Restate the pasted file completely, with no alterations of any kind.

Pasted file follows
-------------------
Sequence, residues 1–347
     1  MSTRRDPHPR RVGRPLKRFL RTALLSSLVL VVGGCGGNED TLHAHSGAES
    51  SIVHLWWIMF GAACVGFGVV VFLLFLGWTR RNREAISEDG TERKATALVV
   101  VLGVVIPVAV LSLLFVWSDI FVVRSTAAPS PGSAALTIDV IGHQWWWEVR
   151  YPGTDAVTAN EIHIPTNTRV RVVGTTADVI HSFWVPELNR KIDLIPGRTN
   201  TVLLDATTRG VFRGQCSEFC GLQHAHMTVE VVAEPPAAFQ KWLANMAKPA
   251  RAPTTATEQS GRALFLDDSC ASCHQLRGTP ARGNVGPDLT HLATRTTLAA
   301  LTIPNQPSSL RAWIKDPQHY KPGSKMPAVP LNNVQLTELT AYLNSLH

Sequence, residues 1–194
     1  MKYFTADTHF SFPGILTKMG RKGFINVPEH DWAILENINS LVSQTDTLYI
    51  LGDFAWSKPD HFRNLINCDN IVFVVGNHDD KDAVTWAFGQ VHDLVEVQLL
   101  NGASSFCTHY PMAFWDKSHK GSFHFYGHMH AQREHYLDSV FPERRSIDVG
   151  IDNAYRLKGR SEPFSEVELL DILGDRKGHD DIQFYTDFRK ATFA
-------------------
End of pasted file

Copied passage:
Sequence, residues 1–347
     1  MSTRRDPHPR RVGRPLKRFL RTALLSSLVL VVGGCGGNED TLHAHSGAES
    51  SIVHLWWIMF GAACVGFGVV VFLLFLGWTR RNREAISEDG TERKATALVV
   101  VLGVVIPVAV LSLLFVWSDI FVVRSTAAPS PGSAALTIDV IGHQWWWEVR
   151  YPGTDAVTAN EIHIPTNTRV RVVGTTADVI HSFWVPELNR KIDLIPGRTN
   201  TVLLDATTRG VFRGQCSEFC GLQHAHMTVE VVAEPPAAFQ KWLANMAKPA
   251  RAPTTATEQS GRALFLDDSC ASCHQLRGTP ARGNVGPDLT HLATRTTLAA
   301  LTIPNQPSSL RAWIKDPQHY KPGSKMPAVP LNNVQLTELT AYLNSLH

Sequence, residues 1–194
     1  MKYFTADTHF SFPGILTKMG RKGFINVPEH DWAILENINS LVSQTDTLYI
    51  LGDFAWSKPD HFRNLINCDN IVFVVGNHDD KDAVTWAFGQ VHDLVEVQLL
   101  NGASSFCTHY PMAFWDKSHK GSFHFYGHMH AQREHYLDSV FPERRSIDVG
   151  IDNAYRLKGR SEPFSEVELL DILGDRKGHD DIQFYTDFRK ATFA